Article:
They had six children:

   * Brun
   * Otto the Illustrious, father of Henry the Fowler
   * Liutgard married King Louis the Younger in 874.
   * Hathumoda, became an abbess
   * Gerberga, became an abbess
   * Christina, became an abbess[6]

By marrying a Frankish nobleman's daughter, Liudolf followed suggestions set forth by Charlemagne about ensuring the integrity of the Frankish Empire in the aftermath of the Saxon Wars through marriage.

In 845/846, Liudolf and his wife traveled to Rome in order to ask Pope Sergius II for permission to found a house of secular canonesses, duly established at their proprietary church in Brunshausen around 852, and moved in 881 to form Gandersheim Abbey. Liudolf's minor daughter Hathumod became the first abbess.

Liudolf is buried in Brunshausen. -------------------- Ruled 844-864 -------------------- Liudolf was a Saxon count, son of one count Brun and his wife Gisla von Verla; later authors called him duke of the Eastern Saxons and count of Eastphalia. -------------------- LIUDOLF, son of BRUNO & his wife --- (-11 Mar 866, bur Brunshausen).

Brun was named as father of Liudolf in the early 13th century Gandersheimer Reimchronik[105], but no earlier source has so far been found which confirms the relationship.

The Chronicon Hildesheimense records that Liudolf founded the abbey of Gandersheim in 852, first at Brunshausen[106]. Widukind records that "Liudulfus" transferred relics of Pope Innocent to Rome[107].

The Annales Alamannicorum record "Ludolfus dux Saxoniæ avus Heinrici" among those who swore allegiance in 864[108].

The Annales Xantenses record the death in 866 of "Liudolfus comes a septentrione"[109].

m ODA, daughter of BILLUNG princeps & his wife Aeda (-17 May 913).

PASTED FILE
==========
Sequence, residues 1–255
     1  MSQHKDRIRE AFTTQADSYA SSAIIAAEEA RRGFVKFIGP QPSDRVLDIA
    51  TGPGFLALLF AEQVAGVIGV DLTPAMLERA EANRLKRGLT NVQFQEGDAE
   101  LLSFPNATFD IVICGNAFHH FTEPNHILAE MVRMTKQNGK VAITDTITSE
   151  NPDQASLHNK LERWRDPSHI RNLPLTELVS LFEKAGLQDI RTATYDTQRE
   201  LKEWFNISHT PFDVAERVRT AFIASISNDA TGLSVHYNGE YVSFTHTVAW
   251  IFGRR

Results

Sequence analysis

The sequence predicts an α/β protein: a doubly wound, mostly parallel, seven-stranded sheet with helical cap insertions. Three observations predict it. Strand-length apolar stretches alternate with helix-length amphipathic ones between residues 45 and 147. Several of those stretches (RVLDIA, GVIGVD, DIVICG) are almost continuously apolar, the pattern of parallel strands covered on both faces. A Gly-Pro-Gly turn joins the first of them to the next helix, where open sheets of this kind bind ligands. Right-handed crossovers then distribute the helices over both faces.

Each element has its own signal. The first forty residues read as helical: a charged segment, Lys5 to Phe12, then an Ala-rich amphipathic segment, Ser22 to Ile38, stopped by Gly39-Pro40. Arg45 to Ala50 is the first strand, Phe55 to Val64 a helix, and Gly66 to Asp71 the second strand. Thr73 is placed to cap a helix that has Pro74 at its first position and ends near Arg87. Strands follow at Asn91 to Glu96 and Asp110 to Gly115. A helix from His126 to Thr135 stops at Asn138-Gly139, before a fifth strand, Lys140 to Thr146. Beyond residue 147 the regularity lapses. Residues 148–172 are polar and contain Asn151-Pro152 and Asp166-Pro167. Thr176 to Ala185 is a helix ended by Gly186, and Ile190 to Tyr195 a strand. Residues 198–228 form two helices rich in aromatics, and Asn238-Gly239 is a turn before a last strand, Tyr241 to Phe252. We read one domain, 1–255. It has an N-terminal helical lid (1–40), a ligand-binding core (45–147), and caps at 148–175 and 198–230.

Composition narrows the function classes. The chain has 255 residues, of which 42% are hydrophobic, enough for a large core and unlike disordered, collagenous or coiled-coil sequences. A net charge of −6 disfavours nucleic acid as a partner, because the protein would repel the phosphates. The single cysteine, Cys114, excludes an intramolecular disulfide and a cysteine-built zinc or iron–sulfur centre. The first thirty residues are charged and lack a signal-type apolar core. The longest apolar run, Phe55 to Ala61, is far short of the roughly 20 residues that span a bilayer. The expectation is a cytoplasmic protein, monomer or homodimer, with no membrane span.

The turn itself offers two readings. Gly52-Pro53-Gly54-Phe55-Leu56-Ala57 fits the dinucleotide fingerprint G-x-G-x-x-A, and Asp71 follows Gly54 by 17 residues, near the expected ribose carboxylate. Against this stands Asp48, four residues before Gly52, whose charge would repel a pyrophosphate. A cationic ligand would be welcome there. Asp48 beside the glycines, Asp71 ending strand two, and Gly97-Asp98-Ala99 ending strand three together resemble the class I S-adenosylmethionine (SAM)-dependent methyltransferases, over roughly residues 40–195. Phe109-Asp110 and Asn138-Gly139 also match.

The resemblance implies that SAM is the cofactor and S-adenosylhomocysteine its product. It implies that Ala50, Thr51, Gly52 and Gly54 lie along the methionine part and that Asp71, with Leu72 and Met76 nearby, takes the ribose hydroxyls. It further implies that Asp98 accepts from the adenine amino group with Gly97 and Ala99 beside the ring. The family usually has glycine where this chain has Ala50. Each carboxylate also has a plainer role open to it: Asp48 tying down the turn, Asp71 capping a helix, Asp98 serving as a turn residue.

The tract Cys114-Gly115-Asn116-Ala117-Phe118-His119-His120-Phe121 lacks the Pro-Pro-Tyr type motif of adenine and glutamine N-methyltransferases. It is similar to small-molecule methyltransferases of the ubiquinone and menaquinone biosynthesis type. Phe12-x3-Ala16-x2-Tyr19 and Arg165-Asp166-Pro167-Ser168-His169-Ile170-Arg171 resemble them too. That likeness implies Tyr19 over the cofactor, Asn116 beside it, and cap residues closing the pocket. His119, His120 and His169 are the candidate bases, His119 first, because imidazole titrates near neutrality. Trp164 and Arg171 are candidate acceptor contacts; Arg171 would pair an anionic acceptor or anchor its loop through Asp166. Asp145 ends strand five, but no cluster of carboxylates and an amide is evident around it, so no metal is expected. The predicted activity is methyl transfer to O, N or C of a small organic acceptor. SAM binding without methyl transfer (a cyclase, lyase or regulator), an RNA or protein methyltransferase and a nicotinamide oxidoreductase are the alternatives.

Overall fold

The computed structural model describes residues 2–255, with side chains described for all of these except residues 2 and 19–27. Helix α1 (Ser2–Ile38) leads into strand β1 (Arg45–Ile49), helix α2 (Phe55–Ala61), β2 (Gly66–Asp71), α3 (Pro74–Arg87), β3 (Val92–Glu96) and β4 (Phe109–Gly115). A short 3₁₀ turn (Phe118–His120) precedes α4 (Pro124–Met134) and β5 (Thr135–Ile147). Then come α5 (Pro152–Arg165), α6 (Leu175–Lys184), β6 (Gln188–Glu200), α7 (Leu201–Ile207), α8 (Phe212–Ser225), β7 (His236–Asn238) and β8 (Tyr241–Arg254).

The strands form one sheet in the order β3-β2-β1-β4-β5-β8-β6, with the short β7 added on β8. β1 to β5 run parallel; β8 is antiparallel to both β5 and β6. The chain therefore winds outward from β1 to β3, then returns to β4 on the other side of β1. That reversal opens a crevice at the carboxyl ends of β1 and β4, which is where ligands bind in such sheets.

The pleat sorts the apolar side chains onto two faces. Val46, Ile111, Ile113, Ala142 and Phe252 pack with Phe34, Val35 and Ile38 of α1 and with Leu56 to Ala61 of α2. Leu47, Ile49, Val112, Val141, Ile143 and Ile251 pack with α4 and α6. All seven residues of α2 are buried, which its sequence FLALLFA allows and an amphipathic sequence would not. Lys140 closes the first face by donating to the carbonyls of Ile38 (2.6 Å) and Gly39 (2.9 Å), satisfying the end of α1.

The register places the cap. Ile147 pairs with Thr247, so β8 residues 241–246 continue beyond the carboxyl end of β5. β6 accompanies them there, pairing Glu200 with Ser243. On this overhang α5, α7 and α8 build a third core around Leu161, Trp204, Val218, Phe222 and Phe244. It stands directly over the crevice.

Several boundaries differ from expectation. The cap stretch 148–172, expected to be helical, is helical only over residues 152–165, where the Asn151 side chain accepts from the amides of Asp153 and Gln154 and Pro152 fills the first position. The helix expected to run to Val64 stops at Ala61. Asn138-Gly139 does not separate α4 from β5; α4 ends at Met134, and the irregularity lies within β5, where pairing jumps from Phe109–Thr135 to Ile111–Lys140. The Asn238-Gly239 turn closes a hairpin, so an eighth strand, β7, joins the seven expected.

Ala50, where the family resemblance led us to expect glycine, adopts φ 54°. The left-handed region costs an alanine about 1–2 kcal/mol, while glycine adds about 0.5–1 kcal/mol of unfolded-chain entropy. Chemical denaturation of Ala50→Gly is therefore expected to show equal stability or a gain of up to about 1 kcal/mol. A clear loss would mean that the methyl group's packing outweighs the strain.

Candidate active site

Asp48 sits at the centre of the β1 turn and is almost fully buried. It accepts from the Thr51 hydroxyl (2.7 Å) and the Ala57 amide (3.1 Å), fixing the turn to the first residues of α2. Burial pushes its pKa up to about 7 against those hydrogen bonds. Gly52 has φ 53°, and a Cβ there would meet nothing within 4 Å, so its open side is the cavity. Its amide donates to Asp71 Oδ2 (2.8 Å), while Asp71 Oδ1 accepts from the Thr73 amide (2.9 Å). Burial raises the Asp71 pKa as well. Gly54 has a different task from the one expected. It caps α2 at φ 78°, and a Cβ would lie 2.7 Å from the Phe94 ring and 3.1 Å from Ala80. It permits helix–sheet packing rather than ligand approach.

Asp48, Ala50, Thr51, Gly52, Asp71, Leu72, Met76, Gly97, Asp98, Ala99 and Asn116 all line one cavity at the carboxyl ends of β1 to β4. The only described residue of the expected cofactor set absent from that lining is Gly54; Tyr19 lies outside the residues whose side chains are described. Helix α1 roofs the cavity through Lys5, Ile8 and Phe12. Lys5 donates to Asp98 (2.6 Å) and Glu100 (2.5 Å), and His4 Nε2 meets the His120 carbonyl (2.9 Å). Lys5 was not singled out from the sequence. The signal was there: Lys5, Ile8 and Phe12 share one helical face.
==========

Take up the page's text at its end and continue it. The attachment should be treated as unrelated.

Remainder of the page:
The Carmen de Primordiis Cœnobii Gandersheimensis names the wife of "Liudulfus" as "Oda…Francorum…de stirpe potentum, filia Billungi…atque Aedæ"[110].

"Oda comitissa, Pipini regis Italiæ ex filia neptis, Hliudolfi Ducis vidua" founded Kloster Calbe an der Milde, by charter dated 885[111].

"Arnolfus…rex" confirmed donations of his predecessor of land "in pago Nordthuringa dicto in comitatu Liudulfi in loco Uuanzleua" to Kloster Gandersheim naming "fideli costræ in sanctimoniali habitu constitutæ…Odæ" by an undated charter, placed in the compilation among charters dated [891/92], which names "filia eius Gerberga abbatissa"[112]. "Otto…rex" confirmed privileges to Kloster Gandersheim "avo illius Sigihardo comiti in pago Chiemihgovue in comitatu Sigihardi" to "comiti nostro Eberhart" by charter dated 4 May 947 in which he names "proavo nostro Liutulfo…et eius coniuge Oda…et avo nostro Ottone" recalling their involvement in the foundation of the monastery[113].

Liudolf & his wife had [twelve] children:

1. BRUNO (-killed in battle in Saxony 2 Feb 880).

The Annalista Saxo records "Brunonis ducis" as brother of "Otto filius Liudolfi ducis"[114]. "Hludowicus…rex" granted immunities to Kloster Gandersheim, naming "Brun et Otto nostri fideles comites…[et] Liutolf genitor eorum…[et]…Gerbirg soror eorundem comitum" by charter dated 26 Jan 877[115]. The Annales Fuldenses name "Brun ducem et fratrem reinæ, Wicmannum, Bardonem, alterum Bardonem et tertium Bardonem, Thiotherium, Gerrichum, Liutolfum, Folcwartum, Avan, Thiotricum, Liutharium" as those killed in battle in 880 in Saxony against "Nordmannis"[116]. The Gesta Francorum lists "Brun ducem et fratrem reginæ" as one of the twelve counts who were killed fighting the Danes in 880[117]. Thietmar records that "Duke Bruno…great uncle" of Bruno Archbishop of Köln, was drowned in a flooded river on 2 Feb while on an expedition against the Danes[118]. The Erchanberti Breviarum records that "Ludovicus rex Franciæ" had one son "Hug…de concubina" who [in 880] fought the Vikings "cum Theoderico et Marcwardo…episcopis et Bardone fratre Liutkardæ reginæ"[119], "Bardone" presumably being an error for "Brunone", although this version appears to conflate two battles (one at the river Scheldt and one in Saxony) which are reported separately in the Annales Fuldenses. The Gesta Francorum lists "Bardonum…alterum Bardonum [et] tertium Bardonum" as three of the twelve counts who were killed fighting the Danes in 880[120]. The other two counts named "Bardo" or "Bruno" have not been identified. 2. OTTO "der Erlauchte" (-30 Nov 912[121], bur Gandersheim Stiftskirche).